Finding ways to do more with less – for us at least – felt like a good place to start preparing for whatever changes are afoot.
So, we spent three months sifting through our things and giving away what we didn't need and selling the things that we feel have enough value to help us raise a few extra pennies for the journey. It was surprisingly easy.
My clothes now fit into two crates. I genuinely didn’t need five bags. I own one cardigan and wear the same boots whether I'm walking the dogs, off to a meeting or for a meal in a fancy restaurant. I've learned that it doesn't matter.
The books I’d held on to and that I’ve slavishly lugged from every house I’ve lived in for the last 15 years now present themselves as the fallacy they are: my attempt to show the outside world that I’m 'clever’. Yep, that’s right, I’ve lined up my 1000+ books on numerous bookcases since the age of 22 to attempt to convince my visitors (and myself for that matter) that I’m a bit of alright in the brains department. Why not just read them, enjoy them and pass them on? Keeping them only ever served to boost my view of myself.
So it was time for the books to go. I’d read and collected them like an athlete would their trophies, and I wondered who or what would become of me without them. Would I immediately be transmuted into some sort of imbecile? Will people think I’m stupid or unworthy of their friendship?
Then there are the less egotistical possessions that get held onto and/or stored. I bought a painting that reminded me of my late, beloved granddad Jack. It hung in the living room for the last seven years, and no matter how I did the calculations, it just wouldn't fit in a narrowboat. I felt sad at letting it go and had to leave the house while the new owner came to collect it. Lyn had a similar experience. Framed photographs of her family have been upstairs – in Dinah’s bedroom – since we moved in. She hasn’t looked at them in all that time and for the most part, may have forgotten that they were there. But when the time came to let them go, she felt guilty and as though she should keep them because otherwise, she would seem like she didn’t care her parents who have passed away.
How did we manage to get so entangled with our possessions that they own and control our emotions in this way? I resent the idea that Lyn had to feel like a bad, uncaring person.
But as we let go of these things, I think we started to also let go of the cultural ideology and the hold these things had over us. It was a process, and the process started with facing up to the emotions that arose as we challenged ourselves to do something new.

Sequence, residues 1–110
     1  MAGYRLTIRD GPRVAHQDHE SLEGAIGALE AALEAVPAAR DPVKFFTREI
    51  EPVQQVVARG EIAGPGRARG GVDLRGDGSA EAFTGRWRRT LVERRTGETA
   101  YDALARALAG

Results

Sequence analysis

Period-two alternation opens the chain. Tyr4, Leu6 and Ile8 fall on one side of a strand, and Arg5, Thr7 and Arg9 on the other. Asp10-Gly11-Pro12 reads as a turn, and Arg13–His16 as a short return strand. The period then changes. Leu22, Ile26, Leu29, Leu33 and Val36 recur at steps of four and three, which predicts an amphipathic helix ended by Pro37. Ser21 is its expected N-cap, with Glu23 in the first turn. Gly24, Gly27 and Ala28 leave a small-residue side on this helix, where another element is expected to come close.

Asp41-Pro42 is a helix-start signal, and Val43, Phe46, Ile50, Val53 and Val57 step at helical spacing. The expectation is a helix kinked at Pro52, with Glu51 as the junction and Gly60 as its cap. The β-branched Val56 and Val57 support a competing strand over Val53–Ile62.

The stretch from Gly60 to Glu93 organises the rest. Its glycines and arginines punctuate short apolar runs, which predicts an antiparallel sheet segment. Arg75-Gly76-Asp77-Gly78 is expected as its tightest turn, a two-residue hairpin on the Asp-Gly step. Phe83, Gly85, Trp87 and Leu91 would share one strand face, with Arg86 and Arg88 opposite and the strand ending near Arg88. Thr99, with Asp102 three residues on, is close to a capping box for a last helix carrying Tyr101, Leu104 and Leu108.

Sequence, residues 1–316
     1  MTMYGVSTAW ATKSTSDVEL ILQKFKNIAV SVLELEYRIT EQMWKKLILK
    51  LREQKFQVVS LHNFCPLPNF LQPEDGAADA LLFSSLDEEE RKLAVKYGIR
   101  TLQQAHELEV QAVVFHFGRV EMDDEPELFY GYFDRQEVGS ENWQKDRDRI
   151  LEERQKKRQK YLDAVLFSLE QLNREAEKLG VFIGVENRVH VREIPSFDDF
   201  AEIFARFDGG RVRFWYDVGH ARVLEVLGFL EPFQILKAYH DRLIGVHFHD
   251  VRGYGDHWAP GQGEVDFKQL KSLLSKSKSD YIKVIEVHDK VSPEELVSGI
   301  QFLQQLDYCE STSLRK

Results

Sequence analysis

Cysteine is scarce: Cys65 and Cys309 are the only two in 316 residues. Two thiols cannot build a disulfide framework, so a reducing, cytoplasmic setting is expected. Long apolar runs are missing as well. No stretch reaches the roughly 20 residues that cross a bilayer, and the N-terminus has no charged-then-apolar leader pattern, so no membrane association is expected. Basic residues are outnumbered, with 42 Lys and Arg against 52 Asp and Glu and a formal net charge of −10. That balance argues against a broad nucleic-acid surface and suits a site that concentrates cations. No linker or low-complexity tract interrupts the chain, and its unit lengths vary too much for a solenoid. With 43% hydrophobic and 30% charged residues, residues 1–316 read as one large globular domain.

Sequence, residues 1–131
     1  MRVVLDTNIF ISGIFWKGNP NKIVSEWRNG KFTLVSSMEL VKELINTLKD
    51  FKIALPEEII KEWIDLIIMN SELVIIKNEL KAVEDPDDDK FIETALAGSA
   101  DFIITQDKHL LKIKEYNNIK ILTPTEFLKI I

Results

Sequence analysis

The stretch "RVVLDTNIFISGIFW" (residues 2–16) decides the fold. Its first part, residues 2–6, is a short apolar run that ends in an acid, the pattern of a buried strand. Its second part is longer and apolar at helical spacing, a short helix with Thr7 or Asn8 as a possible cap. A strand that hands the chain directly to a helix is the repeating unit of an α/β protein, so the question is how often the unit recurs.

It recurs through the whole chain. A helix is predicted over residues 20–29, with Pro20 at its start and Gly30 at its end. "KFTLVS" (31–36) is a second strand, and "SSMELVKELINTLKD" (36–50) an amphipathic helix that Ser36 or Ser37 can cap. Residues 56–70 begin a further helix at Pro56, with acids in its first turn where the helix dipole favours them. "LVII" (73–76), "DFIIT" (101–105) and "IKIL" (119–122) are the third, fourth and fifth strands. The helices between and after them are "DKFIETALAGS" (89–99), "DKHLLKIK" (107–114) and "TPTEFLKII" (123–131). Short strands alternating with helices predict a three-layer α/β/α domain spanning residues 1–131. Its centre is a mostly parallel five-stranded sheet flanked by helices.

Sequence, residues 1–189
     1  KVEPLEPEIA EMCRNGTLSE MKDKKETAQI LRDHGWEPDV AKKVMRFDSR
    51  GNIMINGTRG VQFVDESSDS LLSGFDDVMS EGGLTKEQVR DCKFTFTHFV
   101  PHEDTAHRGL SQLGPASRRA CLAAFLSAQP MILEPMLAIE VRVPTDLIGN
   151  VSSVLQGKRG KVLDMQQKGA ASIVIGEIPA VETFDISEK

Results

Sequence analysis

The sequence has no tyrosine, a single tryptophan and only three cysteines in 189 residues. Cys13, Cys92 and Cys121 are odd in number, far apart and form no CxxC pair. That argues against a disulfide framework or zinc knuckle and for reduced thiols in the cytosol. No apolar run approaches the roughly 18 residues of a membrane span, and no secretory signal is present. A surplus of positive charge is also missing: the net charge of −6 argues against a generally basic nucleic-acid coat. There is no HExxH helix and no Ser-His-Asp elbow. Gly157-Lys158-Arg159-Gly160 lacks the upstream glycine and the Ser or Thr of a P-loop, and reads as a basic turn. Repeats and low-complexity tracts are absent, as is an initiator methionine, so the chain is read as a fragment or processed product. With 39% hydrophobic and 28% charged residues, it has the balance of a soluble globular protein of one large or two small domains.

Who knew that preparing for life on a narrowboat would be, in the first instance at least, a trawl of the soul?
Hello, and thanks for being here. I'm Ann, and I live on a narrowboat in Cheshire with my wife Lyn, two dogs (Jackson and Marla) and two cats (Georgie and Dinah).
A bit about me
I'm fortunate to split my working life between running a psychotherapy clinic in Sandbach called The Hope Street Centre and freelance work as a ghostwriter. I'm interested in climate change, ethical and community living, eco-psychology and spirituality, veganism and nature-based healing.
For the last three years, I've been helping to develop an off-grid project in the Scottish Highlands which is exciting and informs much of my thinking and reading nowadays.
A bit about this blog
The guys at Transition Northwich kindly invited me to write about my little life on this blog. I hope you enjoy reading it!
When people find out that we live on a boat, they say one of two things: firstly, are you warm enough? And secondly, why?
The first question is easy to answer: in that yes, we are warm enough. In fact, most of the time we are too warm. Even in winter. With a multi-fuel burner heating a very small space, it doesn't take long before we're opening the doors to cool off a little. In the summer, we mostly live outside. Living in a metal box means that whenever the sun comes out, the boat is usually ten degrees hotter inside than it is outside.
The answer to people's second question is less straightforward and over time, I hope to answer it in subsequent blog posts.
In short, we were longing for a different way of life: one that enabled us to be closer to nature and to reduce our carbon footprint. We wanted to downsize, reduce our reliance on material things and stop having to work so hard to pay the bills. As self-employed people, we also knew that getting a mortgage would be difficult, but didn't want to live in the rental trap forever.
Boat living appeared to be the solution to all of this... but it also gave us much more in return. I think for us, the immediate sense of landing in – and being a part of a community – was a welcome surprise. The boating community is like stepping back in time, and I'm convinced it has something to do with the lack of (perceived) land ownership. Anyway, that's something for another day...
And it's probably enough of an introduction! In my first 'proper' blog post I'll share a bit about the transition from a 3 bedroom house to a 60-foot corridor!
See you soon,